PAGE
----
Lecture 33: Linear ODEs

We now turn our attention to the numerical solution of ordinary differential equations. We will focus on linear ODEs to begin with. The reason we do this is it allows us to view the numerical solution as reducing infinite-dimensional linear equations (the ODE) to finite-dimensional linear systems (matrices).

To emphasize the difference between linear and nonlinear, consider the following two examples:

  1. Example of a linear ODE: $$y'(t) - a(t) y(t) =0, y(0)=1$$ Write this as $Ly = 0, y(0)=1$ where $L$ is a linear operator: $$L = D - a(t)$$ where $D$ is the derivative operator. This is called a linear operator because, for constant $c_1$ and $c_2$, we have $$L(c_1 y_1 + c_2 y_2) = c_1 L y_1 + c_2 L y_2 = c_1 (y_1' -a(t) y_1) + c_2(y_2' -a (t) y_2)$$
  1. Example of a nonlinear ODE: the following logistic equation is a nonlinear ODE, since it depends quadratically on $y$:
$$y'- y(1-y) = 0, y(0) =0.5$$

Solving ode45

When the equation is an initial value problem, we can solve both linear and nonlinear ODEs using ode45. Here is an example of a linear ODE:

In [1]:
using ODE, PyPlot

a=t->-t^2
t,y=ode45((t,y)->a(t)*y,1.,0.:0.1:10.)
plot(t,y);

Similarly, we can solve a nonlinear ODE:

In [3]:
t,y=ode45((t,y)->y*(1-y),0.5,0.:0.1:10.)
plot(t,y);

Boundary value problems

The distinction between linear and nonlinear becomes greater when we consider other types of problems. The following is a linear intial value problem, since the constraints are specified at a single point, $t=0$:

$$u'' -a(t)u = 0, u(0) = 1, u'(0)=0$$

While we can solve this with ode45 by rewriting as a system, we can also solve it in ApproxFun:

In [14]:
using ApproxFun

D=Derivative()   # the derivative operator
B=ivp()   # conditions corresponding to u(0),u(1)
a=Fun(t->-t^2,[0.,10.])
u=[B;D^2-a]\[1.,0.]
ApproxFun.plot(u)
Out[14]:

However, many problems are not initial value problems, but rather boundary value problem. One can imagine this coming up if, say, you observe a bullet at two different points, and know it solves an ODE, and want to recover the solution.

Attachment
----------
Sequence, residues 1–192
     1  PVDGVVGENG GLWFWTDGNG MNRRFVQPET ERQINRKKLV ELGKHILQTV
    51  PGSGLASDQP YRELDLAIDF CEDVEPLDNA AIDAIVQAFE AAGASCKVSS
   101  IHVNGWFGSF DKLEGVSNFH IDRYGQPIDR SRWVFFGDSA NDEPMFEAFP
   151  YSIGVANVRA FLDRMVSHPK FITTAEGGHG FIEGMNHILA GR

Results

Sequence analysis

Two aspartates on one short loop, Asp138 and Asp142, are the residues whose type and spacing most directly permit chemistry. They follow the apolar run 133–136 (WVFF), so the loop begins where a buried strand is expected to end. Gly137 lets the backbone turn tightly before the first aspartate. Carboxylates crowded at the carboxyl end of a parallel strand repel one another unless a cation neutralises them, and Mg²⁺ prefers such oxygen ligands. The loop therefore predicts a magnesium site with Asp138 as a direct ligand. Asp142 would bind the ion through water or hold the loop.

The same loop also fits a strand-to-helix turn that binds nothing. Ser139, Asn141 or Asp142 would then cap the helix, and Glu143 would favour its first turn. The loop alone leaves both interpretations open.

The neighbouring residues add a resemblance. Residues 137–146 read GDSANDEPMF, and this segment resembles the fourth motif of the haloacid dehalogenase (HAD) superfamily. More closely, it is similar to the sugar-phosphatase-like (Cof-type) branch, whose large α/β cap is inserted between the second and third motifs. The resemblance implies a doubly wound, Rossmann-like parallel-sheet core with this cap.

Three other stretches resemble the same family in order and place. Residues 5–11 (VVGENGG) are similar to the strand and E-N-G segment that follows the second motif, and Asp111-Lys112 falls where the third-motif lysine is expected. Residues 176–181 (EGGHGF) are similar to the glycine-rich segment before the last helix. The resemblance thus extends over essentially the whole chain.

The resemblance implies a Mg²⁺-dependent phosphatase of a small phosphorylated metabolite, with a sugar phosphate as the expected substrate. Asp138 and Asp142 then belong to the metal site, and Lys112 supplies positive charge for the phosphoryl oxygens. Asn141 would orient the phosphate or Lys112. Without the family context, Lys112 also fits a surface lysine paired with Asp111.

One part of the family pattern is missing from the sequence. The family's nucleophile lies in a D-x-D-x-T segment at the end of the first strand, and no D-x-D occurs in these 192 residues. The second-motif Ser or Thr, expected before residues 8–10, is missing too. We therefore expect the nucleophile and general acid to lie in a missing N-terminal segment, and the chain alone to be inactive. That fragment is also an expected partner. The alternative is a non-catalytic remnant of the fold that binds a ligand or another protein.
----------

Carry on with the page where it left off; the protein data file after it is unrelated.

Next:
As a simple example, we consider

$$u'' -a(t)u = 0, u(0) = 1, u(10)=0.5$$

Because it's linear, we can solve BVPs just as easily as initial value problems:

In [17]:
D=Derivative()
B=dirichlet()
a=Fun(t->t^2,[0.,10.])
u=[B;D^2-a]\[1.,0.5]
ApproxFun.plot(u)
Out[17]:

Euler's method

Our starting point is to construct Euler's method for the ODE

$$y' = f(t,y), y(0) =1$$

The motivation is the observation that

$$y(h) = y(0) + hy'(0) + {h^2 \over 2} y''(\chi) = y(0) + h y'(0) + O(h^2) = y(0) + h f(0,y(0)) + O(h^2)$$

where $h$ is a small step. Thus we have $y(h) \approx y(0) + h f(0,y(0))$, and more generally, $y(t_{k+1}) \approx y(t_k) + h f(t_k,y(t_k))$ for $t_k \triangleq k*h$. We use this to construct an approximation $w_k \approx y(t_k)$ via:

$$w_{k+1} = w_k + h f(t_k,w_k)$$

For the linear ODE $$y'(t) = a(t) y(t)$$, this becomes

$$w_0 = y(0), w_{k+1} = (1 + h a(t_k)) w_k$$

We observe that this does indeed approximate the solution, by comparing to ode45:

In [21]:
a=t->-t^2



# step 1: choose a time step
h=0.1
n=round(Int,8/h)
w=zeros(n+1)  # a vector that approximates y at each time step

t=0.:h:10.

w[1]=1.
M=length(w)-1
for k=1:M
    w[k+1]=(1 + h*a(t[k]))*w[k]
end


plot(t[1:M+1],w[1:M+1])


t,y=ode45((t,y)->a(t)*y,1.,t)
plot(t,y);

Taking a small step size and we get an accurate approximation, though it eventually blows up.

The key observation we make now is that we are in fact solving a lower triangular linear system with forward elimination:

$$ \begin{pmatrix} 1 \cr 1+ha(t_0) & -1 \cr & 1+ha(t_1) & -1 \cr && 1+ha(t_2) & -1 \cr &&&\ddots & \ddots \end{pmatrix} \begin{pmatrix} w_0 \cr w_1 \cr w_2 \cr w_3 \cr \vdots \end{pmatrix} = \begin{pmatrix} 1 \cr 0 \cr 0 \cr 0 \cr \vdots \end{pmatrix} $$